Teach for America is a nonprofit that identifies top leaders across the country and places them in some of the most underserved, low-income schools.
NBC 5 Today anchor Laura Harris spoke with a former Teach for America teacher, a current Teach for America teacher and a former student about how they are working to close the education gap in DFW.
“The obvious opportunity that is lacking right now is access to technology. Especially in times of COVID-19 and online learning. We see a lot of students who don’t have access to technology or don’t have WIFI where they are,” said Vanessa Somchith, Teach for American DFW teacher at Thomas Jefferson High School in Dallas.
Teach for America teachers understand that potential is equally distributed, but opportunity is not. Somchith stressed the fight for each child to have better opportunities.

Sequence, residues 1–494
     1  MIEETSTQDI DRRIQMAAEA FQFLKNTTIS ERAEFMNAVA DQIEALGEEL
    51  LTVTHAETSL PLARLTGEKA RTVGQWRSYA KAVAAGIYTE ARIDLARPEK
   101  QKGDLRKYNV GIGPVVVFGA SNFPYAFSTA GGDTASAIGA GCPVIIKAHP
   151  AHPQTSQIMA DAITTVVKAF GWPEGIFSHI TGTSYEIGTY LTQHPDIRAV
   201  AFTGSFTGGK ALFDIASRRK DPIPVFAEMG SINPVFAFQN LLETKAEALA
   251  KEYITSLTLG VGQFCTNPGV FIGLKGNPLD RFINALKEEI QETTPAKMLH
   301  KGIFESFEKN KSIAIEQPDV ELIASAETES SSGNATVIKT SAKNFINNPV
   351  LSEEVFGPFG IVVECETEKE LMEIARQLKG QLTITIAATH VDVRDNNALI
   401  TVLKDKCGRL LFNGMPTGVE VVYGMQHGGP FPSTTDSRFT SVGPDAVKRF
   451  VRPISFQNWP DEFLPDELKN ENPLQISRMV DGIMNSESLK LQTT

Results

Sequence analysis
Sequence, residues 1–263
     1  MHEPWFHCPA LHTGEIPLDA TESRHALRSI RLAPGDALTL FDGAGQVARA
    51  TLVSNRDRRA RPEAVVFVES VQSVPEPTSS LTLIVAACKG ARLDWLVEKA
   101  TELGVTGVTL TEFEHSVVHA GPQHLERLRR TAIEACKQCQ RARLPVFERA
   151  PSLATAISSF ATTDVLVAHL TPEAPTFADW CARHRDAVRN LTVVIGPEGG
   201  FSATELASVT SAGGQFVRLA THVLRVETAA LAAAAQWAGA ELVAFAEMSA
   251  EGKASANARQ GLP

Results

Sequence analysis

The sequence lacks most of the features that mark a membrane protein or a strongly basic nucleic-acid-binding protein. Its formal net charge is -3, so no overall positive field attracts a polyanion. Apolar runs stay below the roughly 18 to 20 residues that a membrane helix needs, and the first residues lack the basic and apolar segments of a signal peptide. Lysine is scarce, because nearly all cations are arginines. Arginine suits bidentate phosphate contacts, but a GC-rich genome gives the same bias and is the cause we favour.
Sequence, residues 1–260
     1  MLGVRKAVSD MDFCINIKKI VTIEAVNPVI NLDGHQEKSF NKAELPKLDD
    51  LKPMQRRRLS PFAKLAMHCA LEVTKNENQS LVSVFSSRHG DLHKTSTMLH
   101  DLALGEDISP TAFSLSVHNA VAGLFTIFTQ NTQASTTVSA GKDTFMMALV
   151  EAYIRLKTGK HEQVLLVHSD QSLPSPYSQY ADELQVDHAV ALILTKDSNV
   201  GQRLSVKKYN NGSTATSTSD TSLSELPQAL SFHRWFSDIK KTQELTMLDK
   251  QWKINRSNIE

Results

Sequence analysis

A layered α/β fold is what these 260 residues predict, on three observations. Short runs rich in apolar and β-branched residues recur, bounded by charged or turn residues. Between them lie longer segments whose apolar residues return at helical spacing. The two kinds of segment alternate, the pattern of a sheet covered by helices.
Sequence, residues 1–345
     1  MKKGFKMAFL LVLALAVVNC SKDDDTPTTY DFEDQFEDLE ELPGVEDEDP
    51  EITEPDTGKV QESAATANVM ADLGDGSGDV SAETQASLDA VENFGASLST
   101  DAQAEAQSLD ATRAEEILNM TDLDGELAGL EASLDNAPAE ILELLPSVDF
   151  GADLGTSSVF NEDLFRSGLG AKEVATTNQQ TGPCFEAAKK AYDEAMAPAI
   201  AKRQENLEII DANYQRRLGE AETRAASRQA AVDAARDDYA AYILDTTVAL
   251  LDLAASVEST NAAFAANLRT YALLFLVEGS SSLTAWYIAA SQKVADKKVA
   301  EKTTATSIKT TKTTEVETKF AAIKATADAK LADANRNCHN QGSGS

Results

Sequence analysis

Litzy Gonzalez was one of those students before graduating in DFW.
“For me, I had three teachers that I know were part of the TFA program. These three teachers did for me something I really appreciated. They taught me how to advocate for myself. I’m apart of a low-income community and for me, high school was it. I didn’t think I was going to be able to go to college because of the lack of resources I had,” Gonzalez said. “They taught me that there was more out there like internships and how to apply for scholarships. I honestly don’t know where I would be without them.
The national nonprofit has done that for so many.
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“There are thousands of stories like this across the country which just makes me feel hope,” said Lacey Pittman Tomanek, Vice President of Alumni Programs and TFA alumni. “We can really solve this problem of educations inequity. I think historical and quite frankly present-day systemic racism and classism are there. There are so many forms of oppression that have disenfranchised entire communities and they are getting less resources. Resources in terms of dollars, staffing and even school buildings.”